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Possum Bourne, who celebrated his 47th birthday on April 13, was New Zealand’s top rally driver in the history of the sport. Brought up in the Te Kauwhata area where his parents were farmers, Possum later shifted to Pukekohe, just a few kilometres south of Auckland, where he had lived ever since. His ability behind the wheel made him world-class and for three years – 1993 to 1995 – he drove for the full Subaru works factory team run by the English Prodrive company.

In his 40s, at a time when many drivers are past their best, Possum had matured as a driver to produce the best performances of his career.

Success in the sport did not come easily. He did not compete in his first rally until 1979 when he was already 23 years old. But the talent was already obvious when his finished third from a 48th seeding. On a limited budget, Possum did not compete in a large number of events in his early years in the sport.

In 1983 he attracted the backing of New Zealand’s Subaru distributor and his name had become synonymous with the Subaru brand which he remained loyal to ever since. Possum’s career developed with Subaru, at a time when the cars were not the most powerful or sophisticated. From 1986 on he drove for a partial factory team from Japan in a limited number of international events in places as diverse as Kenya, Argentina, Britain, Australia and New Zealand.

When Subaru produced the more competitive Legacy RS for the 1990 season and then the Impreza WRX from 1994 onwards, Possum’s career flourished, although he was often still only doing a handful of events a year, compared to the dozen or more the top world championship drivers were competing in.

Possum won the Asia Pacific Championship three times – in 1993, 1994 and 2000. He was the seven-times consecutive Australian Rally Champion from 1996 to 2002, a record. He won the New Zealand title in 1991. On eight occasions Possum was the first New Zealand driver on the World Championship Rally of New Zealand, finishing in the top 6 on several occasions against the world’s best.

As a result of those performances he could justifiably claim to be a world class driver. He won events in India, Thailand, Malaysia, China and Japan as well as on both sides of the Tasman. He has been the dominant figurehead in the sport in New Zealand for the last 15 years, yet many of his best performances occurred internationally.

Since 1992 most of his competition has been in Australia or further afield, yet he retained and enhanced his profile as New Zealand’s top driver. Among his best drives were fourth on Rally Australia in 1990 in a heavy, mildly-modified Legacy RS. Victory in Indonesia in 1993 – his first true international win, was particularly sweet, as the last success with long-time co-driver and mate, the late Rodger Freeth. A win in the marathon Hong Kong to Beijing Rally came against the odds and set him up for the successful defence of his Asia Pacific title. His best performance on the Rally of New Zealand came in 1987 when he took third place.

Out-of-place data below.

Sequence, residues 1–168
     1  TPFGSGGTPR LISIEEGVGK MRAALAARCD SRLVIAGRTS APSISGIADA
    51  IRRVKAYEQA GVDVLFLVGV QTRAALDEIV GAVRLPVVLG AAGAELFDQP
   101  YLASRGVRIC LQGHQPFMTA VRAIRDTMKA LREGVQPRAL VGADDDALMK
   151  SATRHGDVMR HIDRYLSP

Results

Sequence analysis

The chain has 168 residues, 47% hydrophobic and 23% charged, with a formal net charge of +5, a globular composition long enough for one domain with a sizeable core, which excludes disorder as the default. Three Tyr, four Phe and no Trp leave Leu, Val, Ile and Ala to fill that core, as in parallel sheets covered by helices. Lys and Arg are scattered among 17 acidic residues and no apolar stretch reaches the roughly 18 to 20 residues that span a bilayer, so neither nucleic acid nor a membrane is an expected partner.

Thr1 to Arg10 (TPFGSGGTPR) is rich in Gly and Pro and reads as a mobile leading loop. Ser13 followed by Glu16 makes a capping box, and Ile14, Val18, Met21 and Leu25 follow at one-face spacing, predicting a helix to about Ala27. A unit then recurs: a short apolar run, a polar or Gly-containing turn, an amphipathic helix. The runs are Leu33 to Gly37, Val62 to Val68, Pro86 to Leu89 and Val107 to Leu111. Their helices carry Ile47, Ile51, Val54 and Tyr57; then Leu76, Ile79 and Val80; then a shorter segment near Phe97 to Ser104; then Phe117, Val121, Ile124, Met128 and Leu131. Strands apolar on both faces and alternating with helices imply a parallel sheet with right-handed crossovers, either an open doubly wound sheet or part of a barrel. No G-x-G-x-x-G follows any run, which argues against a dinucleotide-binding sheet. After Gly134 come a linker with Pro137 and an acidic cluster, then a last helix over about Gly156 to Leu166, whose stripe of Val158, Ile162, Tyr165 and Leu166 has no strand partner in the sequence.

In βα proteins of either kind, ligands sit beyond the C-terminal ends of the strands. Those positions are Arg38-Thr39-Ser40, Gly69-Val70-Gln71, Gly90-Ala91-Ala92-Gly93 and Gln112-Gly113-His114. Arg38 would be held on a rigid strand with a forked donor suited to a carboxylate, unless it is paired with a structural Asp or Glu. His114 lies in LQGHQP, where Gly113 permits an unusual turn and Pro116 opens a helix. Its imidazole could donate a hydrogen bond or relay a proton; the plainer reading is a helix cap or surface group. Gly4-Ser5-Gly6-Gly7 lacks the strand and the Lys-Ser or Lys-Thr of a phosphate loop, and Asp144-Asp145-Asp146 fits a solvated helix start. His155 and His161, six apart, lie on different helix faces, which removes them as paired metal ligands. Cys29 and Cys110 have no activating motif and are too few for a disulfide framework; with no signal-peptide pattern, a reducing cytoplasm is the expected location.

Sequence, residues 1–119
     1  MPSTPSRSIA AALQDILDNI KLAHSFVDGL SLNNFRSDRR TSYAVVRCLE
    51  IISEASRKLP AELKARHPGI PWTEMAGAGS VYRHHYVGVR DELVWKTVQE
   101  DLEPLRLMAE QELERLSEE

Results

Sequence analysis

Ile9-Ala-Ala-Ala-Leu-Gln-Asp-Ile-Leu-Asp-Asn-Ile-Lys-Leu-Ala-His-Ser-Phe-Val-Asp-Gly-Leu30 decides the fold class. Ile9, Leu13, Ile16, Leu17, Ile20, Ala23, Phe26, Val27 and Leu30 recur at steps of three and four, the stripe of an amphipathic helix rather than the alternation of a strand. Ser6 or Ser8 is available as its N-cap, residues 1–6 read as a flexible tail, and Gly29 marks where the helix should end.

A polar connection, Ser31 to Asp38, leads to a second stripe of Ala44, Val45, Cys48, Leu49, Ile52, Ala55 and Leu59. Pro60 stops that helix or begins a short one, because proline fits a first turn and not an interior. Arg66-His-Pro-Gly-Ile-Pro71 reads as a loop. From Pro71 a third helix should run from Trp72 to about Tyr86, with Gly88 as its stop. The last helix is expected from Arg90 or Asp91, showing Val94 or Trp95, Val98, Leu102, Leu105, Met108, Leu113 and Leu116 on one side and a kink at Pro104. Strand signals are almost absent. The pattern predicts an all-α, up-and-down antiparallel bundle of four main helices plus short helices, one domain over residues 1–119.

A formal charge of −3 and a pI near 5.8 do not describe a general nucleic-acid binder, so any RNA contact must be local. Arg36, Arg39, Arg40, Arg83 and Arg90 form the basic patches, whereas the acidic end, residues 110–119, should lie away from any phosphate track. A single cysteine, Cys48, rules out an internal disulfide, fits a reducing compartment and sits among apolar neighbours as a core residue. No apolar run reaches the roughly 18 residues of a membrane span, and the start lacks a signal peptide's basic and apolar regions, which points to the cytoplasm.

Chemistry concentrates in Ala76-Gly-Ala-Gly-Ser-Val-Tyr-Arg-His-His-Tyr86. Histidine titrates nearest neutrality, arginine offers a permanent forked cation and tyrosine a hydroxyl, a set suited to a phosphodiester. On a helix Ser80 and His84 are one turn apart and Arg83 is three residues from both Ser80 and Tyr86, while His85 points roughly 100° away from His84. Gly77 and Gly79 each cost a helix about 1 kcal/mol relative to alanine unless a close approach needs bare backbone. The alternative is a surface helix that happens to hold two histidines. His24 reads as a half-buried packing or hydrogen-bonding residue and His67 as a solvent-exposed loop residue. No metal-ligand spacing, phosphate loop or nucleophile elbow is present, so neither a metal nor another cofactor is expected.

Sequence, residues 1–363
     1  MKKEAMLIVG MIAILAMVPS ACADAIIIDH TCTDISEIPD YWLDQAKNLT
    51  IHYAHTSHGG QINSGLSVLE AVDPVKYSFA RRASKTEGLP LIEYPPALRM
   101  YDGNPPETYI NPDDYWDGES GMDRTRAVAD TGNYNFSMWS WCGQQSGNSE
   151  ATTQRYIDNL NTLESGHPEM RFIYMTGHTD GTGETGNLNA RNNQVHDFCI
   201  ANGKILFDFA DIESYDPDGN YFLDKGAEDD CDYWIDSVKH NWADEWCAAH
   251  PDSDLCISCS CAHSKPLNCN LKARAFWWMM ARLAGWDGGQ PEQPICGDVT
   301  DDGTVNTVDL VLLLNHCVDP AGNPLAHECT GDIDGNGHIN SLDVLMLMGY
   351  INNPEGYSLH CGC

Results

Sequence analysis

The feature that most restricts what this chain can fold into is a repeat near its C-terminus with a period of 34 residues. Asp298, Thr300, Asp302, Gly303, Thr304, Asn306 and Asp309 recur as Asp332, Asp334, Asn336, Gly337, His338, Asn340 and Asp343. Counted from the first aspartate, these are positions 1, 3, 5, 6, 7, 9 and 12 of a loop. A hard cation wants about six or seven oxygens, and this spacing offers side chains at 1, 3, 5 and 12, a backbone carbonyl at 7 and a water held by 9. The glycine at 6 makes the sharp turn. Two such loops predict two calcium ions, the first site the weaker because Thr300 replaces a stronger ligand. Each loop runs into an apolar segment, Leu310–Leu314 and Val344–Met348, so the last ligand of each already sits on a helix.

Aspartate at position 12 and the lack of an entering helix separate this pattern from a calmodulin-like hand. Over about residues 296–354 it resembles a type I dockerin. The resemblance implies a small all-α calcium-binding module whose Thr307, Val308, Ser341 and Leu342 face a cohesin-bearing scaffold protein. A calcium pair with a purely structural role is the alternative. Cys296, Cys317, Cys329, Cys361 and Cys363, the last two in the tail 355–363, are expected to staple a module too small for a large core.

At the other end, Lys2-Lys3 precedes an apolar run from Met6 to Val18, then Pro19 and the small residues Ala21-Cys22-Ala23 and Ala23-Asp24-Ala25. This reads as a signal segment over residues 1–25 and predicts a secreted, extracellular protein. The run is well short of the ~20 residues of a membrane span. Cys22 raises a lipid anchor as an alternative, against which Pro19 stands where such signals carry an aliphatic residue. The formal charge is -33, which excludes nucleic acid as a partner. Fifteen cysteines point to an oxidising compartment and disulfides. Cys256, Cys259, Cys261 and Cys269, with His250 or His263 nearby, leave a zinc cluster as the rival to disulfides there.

But he valued the fifths gained in 1997 and 1999 much more. Competing against far stronger fields of factory works teams when he was driving a car at least a year old with much fewer resources at his disposal. Possum had an unquenchable passion for rallying and was always totally positive about the sport. Never one to dwell on any setback, he would analyse what had gone wrong and plan ahead for a new goal. Possum enjoyed challenges, and after a decade of top performances in a succession of highly-modified Group A and World Rally Cars, he relished winning the Australian Championship in a standard production Impreza STi last year.

Critics in Australia said he could not change to the lower powered class of car successfully. But he proved them wrong. Apart from his ability behind the wheel, Possum’s practical engineering experience ensured his cars were as competitive as possible, as he started his working life as an apprentice mechanic. Possum’s personality was like a breath of fresh air. He could relate to people at all levels and went out of his way to talk to fans and sign autographs. He could keep audiences enthralled for hours, sharing his experiences and his own down-to-earth style.

He was also fiercely patriotic. At this year’s Swedish Rally at the start of his campaign in the Production World Rally Championship, his car carried the New Zealand silver fern symbol on either side of the windscreen, even though it was not part of the corporate livery for the car. He never gave up. If his car was still capable of forward motion he always gave himself a chance of completing a stage and the event. Possum did everything 100 percent. His competitive nature wouldn’t allow anything less.


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